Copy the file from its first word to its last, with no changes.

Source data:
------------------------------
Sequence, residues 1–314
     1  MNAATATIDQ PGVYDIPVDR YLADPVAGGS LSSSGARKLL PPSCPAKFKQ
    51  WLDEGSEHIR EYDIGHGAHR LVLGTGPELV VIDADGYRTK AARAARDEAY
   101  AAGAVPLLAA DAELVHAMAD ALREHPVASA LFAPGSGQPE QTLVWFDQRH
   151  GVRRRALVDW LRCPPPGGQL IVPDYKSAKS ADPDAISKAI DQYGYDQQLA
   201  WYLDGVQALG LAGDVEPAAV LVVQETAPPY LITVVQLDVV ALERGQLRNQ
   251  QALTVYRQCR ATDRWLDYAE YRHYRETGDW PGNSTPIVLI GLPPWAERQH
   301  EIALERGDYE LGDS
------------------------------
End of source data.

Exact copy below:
Sequence, residues 1–314
     1  MNAATATIDQ PGVYDIPVDR YLADPVAGGS LSSSGARKLL PPSCPAKFKQ
    51  WLDEGSEHIR EYDIGHGAHR LVLGTGPELV VIDADGYRTK AARAARDEAY
   101  AAGAVPLLAA DAELVHAMAD ALREHPVASA LFAPGSGQPE QTLVWFDQRH
   151  GVRRRALVDW LRCPPPGGQL IVPDYKSAKS ADPDAISKAI DQYGYDQQLA
   201  WYLDGVQALG LAGDVEPAAV LVVQETAPPY LITVVQLDVV ALERGQLRNQ
   251  QALTVYRQCR ATDRWLDYAE YRHYRETGDW PGNSTPIVLI GLPPWAERQH
   301  EIALERGDYE LGDS